November 25 marks the International Day for the Elimination of Violence against Women. On this day, the United Nations has highlighted the impact of the coronavirus (COVID-19) on women’s safety in public spaces or even at home.
As per the latest global estimates that nearly one-in-three women aged 15 and older have been subjected to physical and/or sexual violence by an intimate or non-sexual partner or both at least once in their lifetime.
The violence against women has been worsened by the COVID-19 pandemic and the humanitarian crisis, which is referred to as a ‘shadow pandemic’.
When we talk about Afghanistan, it has one of the highest rates of violence against women globally. And after the Taliban took over the country, the status of women remains unclear.
The United Nations Assistance Mission in Afghanistan (UNAMA) has called for concrete actions to end violence against women.
A release by UNAMA read, “The global community needs to listen to the voices and experiences of Afghan women and girls and urgently respond to their needs, especially survivors of violence and those who face multiple and intersecting forms of discrimination.”
“We must act together to tackle this shadow pandemic. The violence should be prevented, we must change attitudes that shame survivors and support violence, we must support services for survivors,” said Deborah Lyons, Special Representative of the Secretary-General in Afghanistan.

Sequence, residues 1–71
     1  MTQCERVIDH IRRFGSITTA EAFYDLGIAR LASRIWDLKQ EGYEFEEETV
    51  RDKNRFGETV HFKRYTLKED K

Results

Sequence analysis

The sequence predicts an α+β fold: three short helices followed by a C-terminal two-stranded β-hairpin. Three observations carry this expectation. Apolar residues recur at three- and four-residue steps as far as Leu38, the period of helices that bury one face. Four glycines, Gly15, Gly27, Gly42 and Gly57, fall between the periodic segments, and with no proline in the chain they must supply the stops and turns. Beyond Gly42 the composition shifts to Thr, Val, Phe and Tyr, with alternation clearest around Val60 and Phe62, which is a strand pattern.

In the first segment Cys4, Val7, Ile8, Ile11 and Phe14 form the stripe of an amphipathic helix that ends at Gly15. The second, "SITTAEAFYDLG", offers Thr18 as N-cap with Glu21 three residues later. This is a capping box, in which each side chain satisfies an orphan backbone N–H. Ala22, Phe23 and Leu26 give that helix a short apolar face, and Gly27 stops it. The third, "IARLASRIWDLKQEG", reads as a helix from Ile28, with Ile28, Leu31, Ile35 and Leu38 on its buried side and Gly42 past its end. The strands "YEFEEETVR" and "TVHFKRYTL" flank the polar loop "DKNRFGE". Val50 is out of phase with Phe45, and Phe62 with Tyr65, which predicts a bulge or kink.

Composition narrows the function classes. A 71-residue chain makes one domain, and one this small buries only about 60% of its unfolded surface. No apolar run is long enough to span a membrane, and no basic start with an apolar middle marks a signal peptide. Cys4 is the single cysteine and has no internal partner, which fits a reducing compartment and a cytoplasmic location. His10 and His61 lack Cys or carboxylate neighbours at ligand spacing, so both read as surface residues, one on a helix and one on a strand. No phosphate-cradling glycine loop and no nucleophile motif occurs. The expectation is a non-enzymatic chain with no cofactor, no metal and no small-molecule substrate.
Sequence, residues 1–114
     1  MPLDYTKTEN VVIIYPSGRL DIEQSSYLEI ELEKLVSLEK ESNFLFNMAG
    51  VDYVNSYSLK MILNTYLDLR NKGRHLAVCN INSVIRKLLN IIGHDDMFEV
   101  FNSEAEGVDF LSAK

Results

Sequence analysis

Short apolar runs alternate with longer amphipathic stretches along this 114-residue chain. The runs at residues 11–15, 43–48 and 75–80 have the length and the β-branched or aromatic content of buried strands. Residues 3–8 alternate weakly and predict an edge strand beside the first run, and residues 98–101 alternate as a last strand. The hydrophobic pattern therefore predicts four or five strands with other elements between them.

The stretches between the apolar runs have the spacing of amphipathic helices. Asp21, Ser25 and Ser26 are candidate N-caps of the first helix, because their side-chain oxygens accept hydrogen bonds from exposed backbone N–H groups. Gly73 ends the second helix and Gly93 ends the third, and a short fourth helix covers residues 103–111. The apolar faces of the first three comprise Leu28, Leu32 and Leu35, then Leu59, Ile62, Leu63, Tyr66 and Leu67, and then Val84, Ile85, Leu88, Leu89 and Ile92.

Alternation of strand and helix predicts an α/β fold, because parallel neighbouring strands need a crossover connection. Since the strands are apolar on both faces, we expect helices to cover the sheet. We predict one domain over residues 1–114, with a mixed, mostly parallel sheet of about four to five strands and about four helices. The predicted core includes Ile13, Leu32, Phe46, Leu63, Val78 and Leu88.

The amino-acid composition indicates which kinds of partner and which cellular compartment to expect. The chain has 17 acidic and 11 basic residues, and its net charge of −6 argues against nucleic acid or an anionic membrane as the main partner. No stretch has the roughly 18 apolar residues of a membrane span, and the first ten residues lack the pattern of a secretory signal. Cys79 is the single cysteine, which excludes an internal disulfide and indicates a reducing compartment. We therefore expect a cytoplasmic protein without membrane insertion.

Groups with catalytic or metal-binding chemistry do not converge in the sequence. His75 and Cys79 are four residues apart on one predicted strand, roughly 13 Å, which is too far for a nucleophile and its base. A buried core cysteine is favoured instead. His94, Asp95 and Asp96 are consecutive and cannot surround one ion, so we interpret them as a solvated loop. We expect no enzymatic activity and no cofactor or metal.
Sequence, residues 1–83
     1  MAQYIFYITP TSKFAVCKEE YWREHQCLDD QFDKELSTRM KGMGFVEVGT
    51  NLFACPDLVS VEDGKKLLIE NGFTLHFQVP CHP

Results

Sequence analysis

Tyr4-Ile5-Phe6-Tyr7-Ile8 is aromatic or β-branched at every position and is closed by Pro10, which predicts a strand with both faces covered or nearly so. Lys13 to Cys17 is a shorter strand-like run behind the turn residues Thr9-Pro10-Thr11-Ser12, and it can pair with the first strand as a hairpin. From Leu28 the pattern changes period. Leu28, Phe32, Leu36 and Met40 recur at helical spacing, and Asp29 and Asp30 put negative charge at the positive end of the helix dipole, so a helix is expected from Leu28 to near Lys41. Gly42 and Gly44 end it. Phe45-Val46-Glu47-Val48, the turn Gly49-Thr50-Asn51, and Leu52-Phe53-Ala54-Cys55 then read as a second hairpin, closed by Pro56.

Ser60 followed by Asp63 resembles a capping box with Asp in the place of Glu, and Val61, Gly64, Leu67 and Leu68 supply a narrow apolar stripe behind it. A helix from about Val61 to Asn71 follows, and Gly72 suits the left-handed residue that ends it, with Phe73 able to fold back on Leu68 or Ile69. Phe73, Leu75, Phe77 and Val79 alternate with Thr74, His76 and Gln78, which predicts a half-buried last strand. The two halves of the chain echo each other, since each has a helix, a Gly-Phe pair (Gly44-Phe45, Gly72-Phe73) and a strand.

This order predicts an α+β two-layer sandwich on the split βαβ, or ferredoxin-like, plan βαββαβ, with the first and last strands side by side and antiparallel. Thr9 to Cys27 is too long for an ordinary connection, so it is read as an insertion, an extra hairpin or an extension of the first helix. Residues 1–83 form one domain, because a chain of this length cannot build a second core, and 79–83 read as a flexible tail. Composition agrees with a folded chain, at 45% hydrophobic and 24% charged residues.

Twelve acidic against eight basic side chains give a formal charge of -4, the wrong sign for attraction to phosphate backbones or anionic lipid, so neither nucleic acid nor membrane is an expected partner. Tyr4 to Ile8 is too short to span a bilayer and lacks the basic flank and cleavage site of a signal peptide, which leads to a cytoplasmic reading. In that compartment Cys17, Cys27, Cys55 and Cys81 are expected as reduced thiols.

“The message we receive from our partners and women across the country is clear — violence against women that was already at alarming levels, has been exacerbated by both crisis and Covid-19. And yet, lifesaving services for women survivors of violence have closed on account of fear of being targeted,” said Alison Davidian, UN Women Country Representative in Afghanistan.
Recently, The Taliban administration has released a set of restrictions on Afghan media, including banning television dramas that included female actors and ordering women news presenters to wear “Islamic hijab”.
It is worth mentioning that during the Taliban’s previous rule, strict curbs were placed on women.
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